We're in Texas thunderstorm season.

Rumbles of thunder are a frequent fact of life for those of us who live in Texas. Texas is consistently one of the top five states for lightning fatalities each year. Tornados and damaging hail get a lot of press in Texas, but lightning is the most deadly weather phenomenon in the state.

Whenever you are outside during a lightning storm, you should go inside if possible. Cars, or a sturdy building are recommended. Even while inside you are not 100% safe.

In fact, my mom had a whole dictionary of things you shouldn't do during a thunderstorm. I always thought she was a bit crazy.  Learning more about the dangers of lightning, I realize she may have been right.

Here are some of the things we often hear are unsafe to do during lightning storms, even while inside and the truth about the dangers.

1. You Shouldn't Wash Dishes, Sit on the Toilet, or take a shower during thunderstorms:

This is true. In 2014. a man in North Carolina named Charles Riggs was taking a shower at his home in Raleigh during a thunderstorm. The lightening traveled through the plumbing and into the shower causing burns and other injuries.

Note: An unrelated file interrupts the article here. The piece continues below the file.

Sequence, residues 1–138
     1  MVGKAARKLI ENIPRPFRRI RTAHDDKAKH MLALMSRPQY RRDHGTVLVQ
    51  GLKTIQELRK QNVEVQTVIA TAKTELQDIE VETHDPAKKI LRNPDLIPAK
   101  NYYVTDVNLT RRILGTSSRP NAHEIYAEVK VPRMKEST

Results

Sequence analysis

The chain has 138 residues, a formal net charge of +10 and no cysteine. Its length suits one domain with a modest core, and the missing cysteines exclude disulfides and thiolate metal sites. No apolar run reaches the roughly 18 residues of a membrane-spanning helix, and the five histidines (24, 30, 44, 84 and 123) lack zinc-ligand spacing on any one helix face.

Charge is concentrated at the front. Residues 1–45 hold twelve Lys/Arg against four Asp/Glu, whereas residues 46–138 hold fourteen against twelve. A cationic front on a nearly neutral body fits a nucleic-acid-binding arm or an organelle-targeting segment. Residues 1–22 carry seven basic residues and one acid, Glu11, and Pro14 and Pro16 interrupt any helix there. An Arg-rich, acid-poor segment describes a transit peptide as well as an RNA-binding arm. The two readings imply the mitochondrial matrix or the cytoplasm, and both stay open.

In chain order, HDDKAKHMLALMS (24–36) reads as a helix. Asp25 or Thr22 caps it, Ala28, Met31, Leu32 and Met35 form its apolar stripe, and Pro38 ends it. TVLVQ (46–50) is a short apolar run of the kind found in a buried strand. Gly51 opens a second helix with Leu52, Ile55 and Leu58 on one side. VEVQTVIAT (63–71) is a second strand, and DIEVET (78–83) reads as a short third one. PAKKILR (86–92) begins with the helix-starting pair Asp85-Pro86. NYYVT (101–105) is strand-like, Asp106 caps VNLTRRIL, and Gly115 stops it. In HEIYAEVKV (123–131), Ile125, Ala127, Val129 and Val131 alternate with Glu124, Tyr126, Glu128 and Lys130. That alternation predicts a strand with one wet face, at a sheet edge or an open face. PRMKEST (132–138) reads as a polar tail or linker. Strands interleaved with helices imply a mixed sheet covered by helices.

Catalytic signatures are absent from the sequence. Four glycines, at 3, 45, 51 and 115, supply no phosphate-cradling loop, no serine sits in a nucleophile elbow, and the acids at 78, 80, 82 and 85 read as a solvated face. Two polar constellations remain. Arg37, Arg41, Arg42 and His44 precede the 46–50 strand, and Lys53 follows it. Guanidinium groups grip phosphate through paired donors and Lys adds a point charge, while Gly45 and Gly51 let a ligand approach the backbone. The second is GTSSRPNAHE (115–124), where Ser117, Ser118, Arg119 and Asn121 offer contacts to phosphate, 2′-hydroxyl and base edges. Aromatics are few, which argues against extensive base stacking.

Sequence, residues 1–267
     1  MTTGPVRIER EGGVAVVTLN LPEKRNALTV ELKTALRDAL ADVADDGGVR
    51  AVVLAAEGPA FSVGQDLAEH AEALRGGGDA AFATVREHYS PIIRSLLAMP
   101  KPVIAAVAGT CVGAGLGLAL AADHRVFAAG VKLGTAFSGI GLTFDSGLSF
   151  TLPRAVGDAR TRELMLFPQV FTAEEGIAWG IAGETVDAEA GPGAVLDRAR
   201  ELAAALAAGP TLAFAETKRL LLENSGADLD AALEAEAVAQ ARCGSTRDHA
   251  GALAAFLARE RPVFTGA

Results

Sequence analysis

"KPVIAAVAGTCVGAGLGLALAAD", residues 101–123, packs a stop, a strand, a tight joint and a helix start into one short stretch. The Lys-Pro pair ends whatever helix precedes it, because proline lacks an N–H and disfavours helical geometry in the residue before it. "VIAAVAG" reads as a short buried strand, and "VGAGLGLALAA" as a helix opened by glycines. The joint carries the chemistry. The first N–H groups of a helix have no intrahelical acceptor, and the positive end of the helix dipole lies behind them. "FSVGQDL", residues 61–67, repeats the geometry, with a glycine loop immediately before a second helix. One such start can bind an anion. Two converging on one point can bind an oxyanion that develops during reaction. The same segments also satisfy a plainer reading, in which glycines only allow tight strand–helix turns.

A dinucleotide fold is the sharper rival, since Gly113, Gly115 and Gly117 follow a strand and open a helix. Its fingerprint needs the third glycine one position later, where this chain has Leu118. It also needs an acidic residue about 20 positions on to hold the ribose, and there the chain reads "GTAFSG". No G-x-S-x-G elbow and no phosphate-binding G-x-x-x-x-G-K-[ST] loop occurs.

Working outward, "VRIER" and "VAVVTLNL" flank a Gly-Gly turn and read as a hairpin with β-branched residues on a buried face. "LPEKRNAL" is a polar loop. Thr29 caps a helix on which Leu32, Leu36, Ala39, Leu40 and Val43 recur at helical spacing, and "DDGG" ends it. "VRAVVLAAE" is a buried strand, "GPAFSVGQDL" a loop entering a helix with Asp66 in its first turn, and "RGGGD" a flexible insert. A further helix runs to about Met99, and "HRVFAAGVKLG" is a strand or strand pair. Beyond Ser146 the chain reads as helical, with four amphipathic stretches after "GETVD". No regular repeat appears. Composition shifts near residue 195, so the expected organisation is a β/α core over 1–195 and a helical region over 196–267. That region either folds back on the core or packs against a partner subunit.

In 2022 a toilet in Oklahoma was destroyed by lightning. No one was sitting on it at the time. This incident is not believed to have been caused by lightning entering through plumbing pipes, but through the exhaust fan in the ceiling.

2. Stay off the computer during thunderstorms:

This is true, although it is not likely you would be directly affected by lightning while using a computer indoors during a storm. Components of the computer you are likely to touch such as the keyboard and mouse are made of materials that are not conductors of electricity, like plastics. According to pcfixit, the best way to avoid any chances of electric shock while using a computer would be to go completely wireless.

Lightning can travel through electric wires or internet cable connections and destroy your computer.

Headphones with wires can also be very dangerous during thunderstorms.

3. Stay off landline phones.

True. According to Snopes until mobile phones became popular, one person per year on average was killed in the United States by lightning while using a landline. One example occurred in 1985, a lightning strike caused the death of 17-year old Jason Findley of Piscataway, New Jersey.

4. Mobile phones are also dangerous during lightning storms.

False.  Mobile phones are perfectly safe because there is no wire through which the electrical discharge can travel. The belief that lightning can follow the radio waves into your phone is completely unfounded.

Electrical appliances can be hit by lightning and it can travel through windows, so it is also a good idea to avoid them during storms.

Thunderstorms and lightning can be deadly. It is always a good idea to be safe and not sorry.

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